fog of small silly details and quirks in coding style. Others might
    have radar eyes and radar brains, i dont :-)

 3) checkpatch also keeps _my_ bugs out of the kernel in an interesting
    way. I'm sure many of you are like me: i've got "weaker" moments
    when i write rather crappy code, and i've got "stronger" moments
    when i'm in the flow and can write a few thousand lines of code with
    nary a hickup. What makes things worse is it's really hard to tell
    the two apart.

    It turns out - and this surprised me a lot - that when i write new
    code that is "weaker", i tend to make more "style mistakes", without
    noticing them. Later on, when i do a checkpatch run, i see some
    weird looking code and find that it's also buggy!

    This concept also works with code written by others: when i get a
    careless patch written in a hurry, it is much more likely to have
    style errors in it, and as a maintainer i'm warned about that fact. 

    The best programmers are the ones who have a good eye for details - 
    and that subconsciously extends to "style details" too. I've yet to
    see a _single_ example of a good, experienced kernel programmer who 
    writes code that looks absolutely careless and sloppy, but which is 
    top-notch otherwise. (Newbies will make style mistakes a lot more 
    often - and for them checkpatch is a nice and easy experience at 
    reading other people's code and trying to learn the style of the 

 4) there's a psychological effect as well: clean _looking_ code is 
    more attractive to coders to improve upon. Once the code _looks_ 
    clean (mechanically), the people with the real structural cleanups 
    are not far away either. Code that just looks nice is simply more of 
    a pleasure to work with and to improve, so there's a strong 
    psychological relationship between the "small, seemingly unimportant 
    details" cleanups and the real, structural cleanups.

    On the other hand, bad looking, unaesthetic code is avoided by 
    kernel developers like the pest. That is a constant skewing force 
    that is very harmful to Linux, because the "current style" of 
    subsystems is a pretty random property at the moment, and there are 
    _many_ important codebases in the kernel that are avoided by most of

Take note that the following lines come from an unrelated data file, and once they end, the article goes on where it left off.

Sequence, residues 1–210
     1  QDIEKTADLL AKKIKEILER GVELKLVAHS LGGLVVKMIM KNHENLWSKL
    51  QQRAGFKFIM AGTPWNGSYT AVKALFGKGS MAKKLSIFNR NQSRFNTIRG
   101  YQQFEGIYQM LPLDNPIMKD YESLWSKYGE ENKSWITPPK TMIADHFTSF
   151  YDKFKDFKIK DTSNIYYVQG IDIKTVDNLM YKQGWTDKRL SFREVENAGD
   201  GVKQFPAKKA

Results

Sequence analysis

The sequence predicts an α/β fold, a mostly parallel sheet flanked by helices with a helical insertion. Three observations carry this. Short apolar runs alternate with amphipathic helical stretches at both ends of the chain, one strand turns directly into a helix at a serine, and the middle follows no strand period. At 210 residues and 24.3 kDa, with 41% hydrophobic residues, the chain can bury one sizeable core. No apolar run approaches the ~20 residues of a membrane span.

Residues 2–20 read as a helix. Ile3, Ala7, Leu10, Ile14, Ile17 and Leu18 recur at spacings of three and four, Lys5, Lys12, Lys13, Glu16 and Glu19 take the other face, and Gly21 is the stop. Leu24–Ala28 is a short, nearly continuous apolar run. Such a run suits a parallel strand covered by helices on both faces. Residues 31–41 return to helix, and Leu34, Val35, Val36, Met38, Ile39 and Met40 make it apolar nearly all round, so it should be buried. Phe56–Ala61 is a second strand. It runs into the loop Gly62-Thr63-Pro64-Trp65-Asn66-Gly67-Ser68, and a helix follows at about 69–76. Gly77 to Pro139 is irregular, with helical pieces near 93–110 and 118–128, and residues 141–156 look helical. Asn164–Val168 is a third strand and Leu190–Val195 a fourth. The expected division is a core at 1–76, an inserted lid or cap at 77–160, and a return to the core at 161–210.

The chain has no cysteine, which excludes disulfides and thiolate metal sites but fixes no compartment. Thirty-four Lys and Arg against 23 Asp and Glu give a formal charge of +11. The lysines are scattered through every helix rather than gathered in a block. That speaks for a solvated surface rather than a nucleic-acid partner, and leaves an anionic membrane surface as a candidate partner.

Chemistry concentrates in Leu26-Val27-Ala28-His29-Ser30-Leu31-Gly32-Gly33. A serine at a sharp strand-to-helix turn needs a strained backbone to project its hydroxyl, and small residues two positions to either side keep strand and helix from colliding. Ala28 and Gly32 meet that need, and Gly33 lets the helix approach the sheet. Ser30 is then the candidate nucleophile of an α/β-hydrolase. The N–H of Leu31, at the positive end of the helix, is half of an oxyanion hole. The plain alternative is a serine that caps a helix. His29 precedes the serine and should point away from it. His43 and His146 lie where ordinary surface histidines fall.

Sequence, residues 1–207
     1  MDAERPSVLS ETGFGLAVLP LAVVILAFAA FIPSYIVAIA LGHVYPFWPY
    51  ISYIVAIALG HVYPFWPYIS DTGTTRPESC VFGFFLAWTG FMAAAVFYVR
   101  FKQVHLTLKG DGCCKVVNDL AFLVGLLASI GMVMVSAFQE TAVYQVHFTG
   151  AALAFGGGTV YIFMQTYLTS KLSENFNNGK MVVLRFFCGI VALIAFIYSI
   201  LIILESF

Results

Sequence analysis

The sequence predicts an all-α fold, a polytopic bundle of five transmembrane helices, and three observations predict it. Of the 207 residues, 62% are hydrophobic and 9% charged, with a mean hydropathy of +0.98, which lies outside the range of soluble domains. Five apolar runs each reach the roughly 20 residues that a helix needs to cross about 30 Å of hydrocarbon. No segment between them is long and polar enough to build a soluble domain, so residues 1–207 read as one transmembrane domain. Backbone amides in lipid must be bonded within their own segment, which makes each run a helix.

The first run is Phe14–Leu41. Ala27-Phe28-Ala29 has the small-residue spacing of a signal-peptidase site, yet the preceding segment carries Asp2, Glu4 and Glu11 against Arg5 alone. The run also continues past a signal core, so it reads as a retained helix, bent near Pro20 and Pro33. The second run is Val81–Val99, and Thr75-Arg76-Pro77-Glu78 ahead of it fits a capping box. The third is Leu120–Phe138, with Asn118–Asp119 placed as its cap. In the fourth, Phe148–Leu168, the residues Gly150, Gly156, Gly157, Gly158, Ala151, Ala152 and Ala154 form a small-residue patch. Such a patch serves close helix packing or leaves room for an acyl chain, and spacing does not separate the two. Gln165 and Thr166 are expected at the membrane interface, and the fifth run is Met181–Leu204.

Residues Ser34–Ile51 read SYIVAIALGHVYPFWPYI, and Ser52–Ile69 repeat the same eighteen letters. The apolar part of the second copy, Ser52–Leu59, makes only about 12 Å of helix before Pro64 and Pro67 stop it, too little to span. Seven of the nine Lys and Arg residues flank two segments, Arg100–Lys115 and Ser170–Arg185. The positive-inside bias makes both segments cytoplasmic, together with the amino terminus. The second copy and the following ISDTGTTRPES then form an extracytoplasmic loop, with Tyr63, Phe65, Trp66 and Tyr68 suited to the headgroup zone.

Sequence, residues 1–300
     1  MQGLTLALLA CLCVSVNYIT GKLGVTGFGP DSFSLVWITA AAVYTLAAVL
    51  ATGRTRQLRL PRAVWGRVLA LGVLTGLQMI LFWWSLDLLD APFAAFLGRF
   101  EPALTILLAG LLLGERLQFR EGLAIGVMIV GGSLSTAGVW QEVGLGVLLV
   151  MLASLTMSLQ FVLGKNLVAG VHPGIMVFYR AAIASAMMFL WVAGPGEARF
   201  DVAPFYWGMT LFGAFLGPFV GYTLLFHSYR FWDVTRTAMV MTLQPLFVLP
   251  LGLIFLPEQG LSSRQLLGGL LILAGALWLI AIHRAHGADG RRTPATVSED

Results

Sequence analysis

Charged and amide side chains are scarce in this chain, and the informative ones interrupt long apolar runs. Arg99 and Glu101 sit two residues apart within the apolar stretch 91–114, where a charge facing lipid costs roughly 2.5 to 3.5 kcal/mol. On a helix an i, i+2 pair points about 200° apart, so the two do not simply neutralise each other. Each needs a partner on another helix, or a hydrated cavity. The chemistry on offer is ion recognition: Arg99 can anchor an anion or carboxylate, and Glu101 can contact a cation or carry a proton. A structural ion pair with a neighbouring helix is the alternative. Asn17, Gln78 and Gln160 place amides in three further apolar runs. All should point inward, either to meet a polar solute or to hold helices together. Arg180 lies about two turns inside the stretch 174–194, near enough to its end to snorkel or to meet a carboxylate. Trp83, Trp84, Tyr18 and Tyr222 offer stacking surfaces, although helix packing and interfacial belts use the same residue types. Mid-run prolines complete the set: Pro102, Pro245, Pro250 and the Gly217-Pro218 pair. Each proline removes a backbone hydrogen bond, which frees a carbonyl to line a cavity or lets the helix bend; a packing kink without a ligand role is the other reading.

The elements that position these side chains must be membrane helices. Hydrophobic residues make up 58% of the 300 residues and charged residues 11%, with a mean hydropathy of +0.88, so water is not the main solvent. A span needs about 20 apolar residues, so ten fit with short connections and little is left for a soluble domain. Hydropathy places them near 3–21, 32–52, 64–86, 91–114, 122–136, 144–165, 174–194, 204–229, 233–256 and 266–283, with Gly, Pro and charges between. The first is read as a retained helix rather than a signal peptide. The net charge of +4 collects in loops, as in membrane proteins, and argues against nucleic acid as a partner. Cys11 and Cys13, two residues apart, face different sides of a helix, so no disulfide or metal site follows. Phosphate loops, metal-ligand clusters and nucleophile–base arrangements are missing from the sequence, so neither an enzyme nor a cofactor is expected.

us purely just because they look so awful.

 5) cleanups were rather hard to get upstream before, because there was 
    never any true "objective basis" for the cleanups, giving an easy 
    excuse for flames over stupid taste differences, and making it easy 
    for maintainers to reject 90%-good cleanups just based on taste
    differences. Checkpatch gives the right tool to people to write 
    consistently clean code and makes it harder for maintainers to find 
    the arguments to keep keep code unclean.

After this list of rather subjective impressions, i've also got some 
historic raw data as well about how arch/x86 cleanups progressed over 
the past 4 months.

  ( NOTE: the "errors" count below does _not_ include "lines longer than 
    80 chars" warnings nor any of the other checkpatch warnings - only 
    checkpatch "errors" which are real bona fide style errors in 99%+ of 
    the cases. )

                                          errors  lines of code 
 v2.6.24-rc1      arch/x86/ [23 Oct 2007]  8695      117423         74.0
 v2.6.24-x86.git  arch/x86/ [21 Nov 2007]  5190      117156         44.2
 v2.6.24-x86.git  arch/x86/ [18 Dec 2007]  4057      117213         34.6
 v2.6.24-x86.git  arch/x86/ [ 8 Jan 2008]  3650      117987         30.9
 v2.6.24-x86.git  arch/x86/ [ 4 Feb 2008]  3334      133542         24.9
 v2.6.25-x86.git  arch/x86/ [21 Feb 2008]  2724      136963         19.8

 [ See: http://redhat.com/~mingo/x86.git/code-quality
- although i guess 
   i should rename it to "style-quality" - because there is no direct
   mapping of style quality to real code quality. NOTE: some of the 
   reductions in the error count above are mechanic from things like 
   really long arrays or the math-emu changes - but most of the real
   reductions are genuine. ]

v2.6.24-rc1 was the raw arch/x86 code how we inherited it after we did 
the mechanic unification without changing any of the files. After that 
point you can see a marked reduction in the total count of style errors.

While many of the fixes are just small details and may all seem 
insignificant in isolation, IMO the sum of those small details matters 
_a lot_: in the past 4 months the code has become a lot more hackable to 
us and that process was driven in large part by checkpatch.